Dec 16, 2011
Trust operations began in the Philippines in 1918 upon the establishment of a corporation called Philippine Trust Company, to administer and manage the properties of Americans during their early occupation of the Philippines. Since then, trust operations gradually emerged as one of the more popular services being offered by banks. It was however from 1983 to 1991 where the industry experienced remarkable growth, from P18 billion in 1983 to about P37 billion in 1986, and then reached the P100 billion mark in 1991. The Industry then moved on to grow in the 90s into a multibillion industry - as the public becomes more aware of the more sophisticated Asset and Trust Management services available.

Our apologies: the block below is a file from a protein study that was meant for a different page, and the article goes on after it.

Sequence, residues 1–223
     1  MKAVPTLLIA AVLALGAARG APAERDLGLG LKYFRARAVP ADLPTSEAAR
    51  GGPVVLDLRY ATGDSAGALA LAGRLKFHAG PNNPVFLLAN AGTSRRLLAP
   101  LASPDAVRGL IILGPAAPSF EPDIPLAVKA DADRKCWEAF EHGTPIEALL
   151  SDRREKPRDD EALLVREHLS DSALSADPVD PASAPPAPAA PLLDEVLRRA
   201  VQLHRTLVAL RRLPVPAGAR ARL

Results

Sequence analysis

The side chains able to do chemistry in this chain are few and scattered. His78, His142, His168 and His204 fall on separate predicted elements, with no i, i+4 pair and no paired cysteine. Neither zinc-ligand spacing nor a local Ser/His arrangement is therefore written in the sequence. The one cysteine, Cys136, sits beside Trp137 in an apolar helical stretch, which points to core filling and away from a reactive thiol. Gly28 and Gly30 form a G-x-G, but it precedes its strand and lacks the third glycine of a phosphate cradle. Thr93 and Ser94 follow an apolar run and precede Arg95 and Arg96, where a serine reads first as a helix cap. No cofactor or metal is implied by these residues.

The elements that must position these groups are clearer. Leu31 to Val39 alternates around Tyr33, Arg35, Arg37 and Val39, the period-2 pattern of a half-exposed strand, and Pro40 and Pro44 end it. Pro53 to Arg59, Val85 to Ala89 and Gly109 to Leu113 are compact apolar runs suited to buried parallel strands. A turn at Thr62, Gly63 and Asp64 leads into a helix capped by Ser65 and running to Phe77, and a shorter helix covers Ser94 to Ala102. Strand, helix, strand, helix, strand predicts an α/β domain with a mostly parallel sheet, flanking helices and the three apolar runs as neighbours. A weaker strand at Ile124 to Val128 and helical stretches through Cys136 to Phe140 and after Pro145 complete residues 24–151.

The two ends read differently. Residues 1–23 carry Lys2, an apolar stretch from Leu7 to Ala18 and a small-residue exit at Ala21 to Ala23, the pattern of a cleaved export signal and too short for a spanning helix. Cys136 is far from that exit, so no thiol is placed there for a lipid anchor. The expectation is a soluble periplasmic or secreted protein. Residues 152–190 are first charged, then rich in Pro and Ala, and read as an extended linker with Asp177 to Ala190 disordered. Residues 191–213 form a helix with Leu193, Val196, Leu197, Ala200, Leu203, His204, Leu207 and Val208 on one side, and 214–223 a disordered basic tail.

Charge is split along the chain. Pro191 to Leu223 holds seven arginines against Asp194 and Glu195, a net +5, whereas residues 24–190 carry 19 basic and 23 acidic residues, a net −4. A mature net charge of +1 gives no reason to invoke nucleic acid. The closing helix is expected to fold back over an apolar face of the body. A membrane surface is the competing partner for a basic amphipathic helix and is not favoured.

This P700B industry is not however reflected in the total resources of the Banking Industry. This is consistent with the industry’s off-balance sheet nature, as these figures are carried and remain to be direct assets instead of the Banks' trust clients as its real and/or beneficial owners. As such, Assets Held in Trust or those received by the bank in its fiduciary capacity (collectively referred to as: ‘AHIT’) may not be looked upon for recovery by any of the Bank’s creditors (depositors) anytime. Consistent with the latter, unlike traditional banking products, products and services offered through the bank’s trust department do not, and can not carry any bank guarantee in terms of investment return on principal nor are required to be covered by a PDIC guarantee. Thus, true to its business trade, the industry is primarily premised on their respective client’s “trust” to the said financial institution. Because of its inherent nature, the industry is mandated to be conducted clearly independent from that of the bank’s traditional deposit-taking activities. An independent Trust Officer with no less than 2 years experience in the business is mandated by law to report directly only to a duly constituted Trust Committee (composed of the Trust Officer himself, the Banks President, and 3 Bank Board Directors on a rotation basis), who in turn reports directly to the Bank’s Board of Directors. Moreover, safeguards consistent with the fiduciary obligation of banks to their clients are put in place to protect the investing public.